There was panic in Nato capitals last week caused by an irrational fear that a Nato country had been attacked by Russia triggering article 5 of the Nato treaty. Two Russian missiles fell on Poland near the border with Ukraine killing two unfortunate Polish citizens.
It was a tragic incident for those who died and their families, but in the grand scheme of things this was a minor incursion that could not remotely engage article 5 even if the missiles were fired from Russia. But we live in dangerous times and people, including experienced journalists and arm chair strategists, talked up the possibility that article 5 was capable of being engaged.
In the event it turns out that although the missiles were Russian S-300 surface to air missiles, they were fired by Ukrainians in defence of their country.
US president, Joe Biden, who was attending a G20 meeting in Bali in Indonesia, was woken in the early hours last Wednesday for an intelligence briefing on the incursion and immediately scotched rumours this was a Russian attack. It was he said probably wayward Ukrainian air defence missiles that fell on Polish territory by accident.
This was then confirmed by the Polish government and Nato’s secretary general, Jens Stoltenberg, who explained why Ukraine was not to blame. The missiles that fell on Poland, he said, were fired by Ukraine in self-defence, which would not have happened but for the Russian invasion of Ukraine – which is a fair point except, of course, for those who died. Nato has not suggested there is evidence that Ukraine fired missiles deliberately into Poland in a false flag operation to provoke Nato into action against Russia.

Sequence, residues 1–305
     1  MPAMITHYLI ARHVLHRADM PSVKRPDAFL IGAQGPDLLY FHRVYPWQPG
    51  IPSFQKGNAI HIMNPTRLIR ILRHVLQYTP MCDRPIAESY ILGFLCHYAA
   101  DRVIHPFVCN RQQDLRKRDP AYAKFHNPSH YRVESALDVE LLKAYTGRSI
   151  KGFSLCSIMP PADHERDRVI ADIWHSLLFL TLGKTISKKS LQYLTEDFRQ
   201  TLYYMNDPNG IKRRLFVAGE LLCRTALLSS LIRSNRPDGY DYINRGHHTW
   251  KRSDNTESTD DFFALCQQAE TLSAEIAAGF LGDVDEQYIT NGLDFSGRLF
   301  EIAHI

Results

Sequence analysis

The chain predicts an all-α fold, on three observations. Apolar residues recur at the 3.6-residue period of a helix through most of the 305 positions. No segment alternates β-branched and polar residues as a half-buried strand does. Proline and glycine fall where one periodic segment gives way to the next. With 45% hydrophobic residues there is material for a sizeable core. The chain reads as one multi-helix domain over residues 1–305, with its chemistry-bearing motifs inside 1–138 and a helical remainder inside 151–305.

President Volodymyr Zelenskiy of Ukraine insisted the missiles were fired by Russia but then he would say that wouldn’t he? He sounds as if he wants a neighbouring Nato country to be attacked by Russia but American intelligence trumps the information he can access.
Nato may be anti-Russian and may have been called brain-dead by President Macron of France, but the Americans, who dominate the alliance, are not going to go to war with Russia over a couple of stray missiles even if they were fired by Russia. Indeed their security chiefs met with their Russian counterparts in Ankara recently for talks, precisely in order to ensure that they and Nato are not railroaded into a war by accident or mistake.
The rationale behind the Nato alliance was to repulse major military attacks that require a military response to be contained, not minor random incursions. The alliance was aligned with the purposes and principles of the UN Charter that launched a new world order after World War II that is dead against the use of force. Nato was set up to defend liberal democracies in the North Atlantic area from serious attack in line with the common self-defence provisions contained in article 51 of the UN Charter – the only exception to the prohibition on the use of force outside force authorised by the UN Security Council.
To that end state parties agreed to maintain and develop their individual and collective capacity to resist armed attack and consult when in the opinion of any of them their territorial integrity, political independence or security is threatened.